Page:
PW: And then McKim did the other end.
KWS: That’s right.
PW: Do you know the University of Washington? That was an Olmstedian garden.
KWS: Oh right.
PW: He made the mall, but he made it like it would be in the north woods because when he went out there Seattle was a really rough place and so he made this allee and the end of it were the mountains. He succeeded where I thinkJefferson….I think those moves were wrong. I think Jefferson was probably better off; he shouldn’t have been persuaded and stuck to his guns.
But I think that’s a great observation. Great idea.
The idea that things are open at both ends is interesting to me.
KWS: As purely a discussion of formal strategy, put the UTD axis – into a broader historical context of other great axial constructions. And the fact that your project has this kind of wonderful open ended quality, that while there are elements that terminate the axis, the mound, the fountain – it seems, at least to me, that it’s an axis that seems to go on forever.
PW: Well the mound isn’t termination. Because as the trees grow up on the creek, that planting will gradually get higher than the mound. So as you look down the axis you seen this green object, you’ll see behind it, this creek that leads up from Campbell Road.
And there’s one other thing here.
The reason I mention LeNotre. LeNotre was always dealing with flatland. With farmland. A lot of LeNotre’s strategies if you think of Sceaux. A lot of LeNotre’s strategies were how to deal with these great, vast, flat areas.
So I don’t think at all of UTD as at all Italianate. I see it as very French.
When I first saw the French Gardens – I’m a collector of minimal art – and when I went over there, I’d been trying for a long time to figure out how to make gardens out of these minimal devices. Like Carl Andre or like the insistent thing you have with Judd. Very carefully calibrated series and sets of elements.
And I couldn’t figure out how to do it. I give a lecture on this.
I just couldn’t figure out how to take Judd and Andre and these people and make spaces out of them.
And the summer after I started doing this I took some students I was teaching at Harvard at the time, to France. And I was sitting at Vaux and I was sitting up at the steps looking down the major axis, and there were Judd’s ! — only they were gumdrops… they were little topiaries and he was doing everything that the modernists were doing. He was even doing Mies. Suddenly I just realized it was not just great because it was big, it was great because it was modern.
It had changed the game.
It was no longer the English Garden. It was no longer the locks and rills and the romantic this and that’s. It was a completely different vocabulary, which is what I pretty much use all the time, one way or another.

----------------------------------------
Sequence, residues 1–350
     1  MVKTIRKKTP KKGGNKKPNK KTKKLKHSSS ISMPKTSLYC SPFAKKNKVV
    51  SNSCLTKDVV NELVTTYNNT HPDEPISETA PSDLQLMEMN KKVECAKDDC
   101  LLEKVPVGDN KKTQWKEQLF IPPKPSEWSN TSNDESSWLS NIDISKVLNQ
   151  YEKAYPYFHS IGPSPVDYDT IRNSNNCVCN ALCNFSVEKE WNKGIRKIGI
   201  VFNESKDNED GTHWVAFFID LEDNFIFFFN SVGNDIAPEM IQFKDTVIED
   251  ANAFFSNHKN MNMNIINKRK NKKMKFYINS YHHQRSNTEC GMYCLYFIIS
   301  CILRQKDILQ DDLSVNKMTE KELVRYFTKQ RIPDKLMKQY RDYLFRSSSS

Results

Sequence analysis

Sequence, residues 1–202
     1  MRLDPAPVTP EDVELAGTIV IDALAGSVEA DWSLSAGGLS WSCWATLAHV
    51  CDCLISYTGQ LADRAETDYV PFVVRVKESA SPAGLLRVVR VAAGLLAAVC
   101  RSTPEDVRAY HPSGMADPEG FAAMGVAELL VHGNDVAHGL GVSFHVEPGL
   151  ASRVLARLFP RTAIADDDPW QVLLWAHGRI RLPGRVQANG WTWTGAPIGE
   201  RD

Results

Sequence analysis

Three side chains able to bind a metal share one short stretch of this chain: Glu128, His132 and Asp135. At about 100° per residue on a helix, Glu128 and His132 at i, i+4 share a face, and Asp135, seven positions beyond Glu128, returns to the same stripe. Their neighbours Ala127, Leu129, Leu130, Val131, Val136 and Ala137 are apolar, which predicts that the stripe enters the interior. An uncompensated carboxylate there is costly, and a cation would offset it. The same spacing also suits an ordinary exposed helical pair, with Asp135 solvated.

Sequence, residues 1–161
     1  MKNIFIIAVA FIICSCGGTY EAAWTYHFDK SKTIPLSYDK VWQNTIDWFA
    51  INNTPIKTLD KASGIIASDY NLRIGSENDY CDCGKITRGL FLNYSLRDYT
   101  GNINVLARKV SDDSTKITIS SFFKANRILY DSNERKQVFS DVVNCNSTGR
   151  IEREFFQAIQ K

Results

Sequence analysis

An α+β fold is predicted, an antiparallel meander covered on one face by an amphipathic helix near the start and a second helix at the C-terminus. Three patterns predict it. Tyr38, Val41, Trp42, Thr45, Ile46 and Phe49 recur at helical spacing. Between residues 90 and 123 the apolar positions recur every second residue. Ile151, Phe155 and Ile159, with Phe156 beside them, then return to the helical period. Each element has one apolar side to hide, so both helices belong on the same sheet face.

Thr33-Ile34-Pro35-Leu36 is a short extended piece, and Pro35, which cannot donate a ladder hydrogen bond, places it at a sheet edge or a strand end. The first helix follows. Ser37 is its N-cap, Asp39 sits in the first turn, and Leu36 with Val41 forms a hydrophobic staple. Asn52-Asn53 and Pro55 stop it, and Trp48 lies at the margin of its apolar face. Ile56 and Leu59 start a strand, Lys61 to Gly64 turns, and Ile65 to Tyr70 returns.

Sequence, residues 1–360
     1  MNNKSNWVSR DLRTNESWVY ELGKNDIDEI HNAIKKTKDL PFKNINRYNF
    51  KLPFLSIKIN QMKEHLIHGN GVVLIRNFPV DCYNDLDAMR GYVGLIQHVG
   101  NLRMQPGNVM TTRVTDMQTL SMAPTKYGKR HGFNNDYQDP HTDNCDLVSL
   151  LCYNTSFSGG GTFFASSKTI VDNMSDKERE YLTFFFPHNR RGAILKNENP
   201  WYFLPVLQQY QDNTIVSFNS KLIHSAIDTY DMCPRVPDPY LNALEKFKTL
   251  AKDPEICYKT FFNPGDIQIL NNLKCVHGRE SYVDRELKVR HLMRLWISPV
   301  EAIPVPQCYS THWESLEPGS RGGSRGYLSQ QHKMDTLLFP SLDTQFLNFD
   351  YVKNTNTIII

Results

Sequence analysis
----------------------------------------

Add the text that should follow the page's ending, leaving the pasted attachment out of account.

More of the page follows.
So you’re exactly right. That’s where it comes from…
And then the other thing about LeNotre, which I think is so important, is that he’s shown that you can take vast spaces and bring them into scale.
Now I’m a great fan of Dan Kiley. Dan on a couple of projects, perhaps the Miller Garden is the best one, he was able to make, in very simple terms – Miller is not an elaborate garden in terms of high finishes and things like that. – but it is platted and placed in such a way it is the equal of any of the villas.
Dan saw that as modern. And I see that as modern.
KWS: There’s also Dan’s marvelous work at the Nelson Atkins in Kansas City.
PW: Isn’t it incredible?
KWS: What strikes me about it, somewhat like the interior spaces of the Kimball, is how it’s pre-modern in the axial direction and modern in the other.
It’s presents itself like a classic A-B-A organization but especially in how Steven Holl’s addresses it, slithering down the side, you see it’s modernity open up as a system of elements.
PW: Harry Cobb gives a wonderful lecture. He says all great architecture is ambiguous. You think it’s one thing. But it could also be another.
It’s a little like writing.
It may be objective and here are some people going to a village but there’s something else going on in there too. And they often are not on the same track, they intertwine and that’s what makes novels, I think.
I think architecture is a lot like that too. People who say, well, it’s an axis, it’s so simple.
It’s not simple. Look at the way they play it out. Particularly in ones that are spare…..likeChantilly. Those gardens, they have no means…they are there and there’s no stuff.
Their scale is perfect. It’s majestic. That’s really the highest form of this kind of stuff.
KWS: Peter, let’s go off script for a moment, because listening to you reminds me of something one of my architectural mentors, Werner Seligman and occasionally Colin Rowe who would visit taught me.
That architecture and by logical extension, landscape architecture is a “knowledge-based activity.”
The way you are talking about your work in relationship directly or indirectly to other seminal places seems to come from the same sympathy…
PW: There are two kinds of knowledge. The first one is historic knowledge. You have to know the history of your own art…If you’re an artist and you don’t know the history of art you’re bound to repeat it and in a not very interesting way. If you think you’ve discovered something; in fact it was already there. So you’re a fool.
So you need historic knowledge, but you also need the knowledge of craft. It’s where those two knowledge lines come together, that I think you have your real operation.
It has nothing to do with fancy materials. Mies did just as well with brick and steel as he did with bronze. He wasn’t limited by those things.
But it’s where those two lines come together.
Mies knew his history and of course, he was a great craftsman. Put those two together and you have…(unintelligible) You have to know about proportion and other things or else it doesn’t turn out so well. But I think you take those two and it is knowledge based and it’s something you can think about but you also have to be very careful that you’re feeling about it also.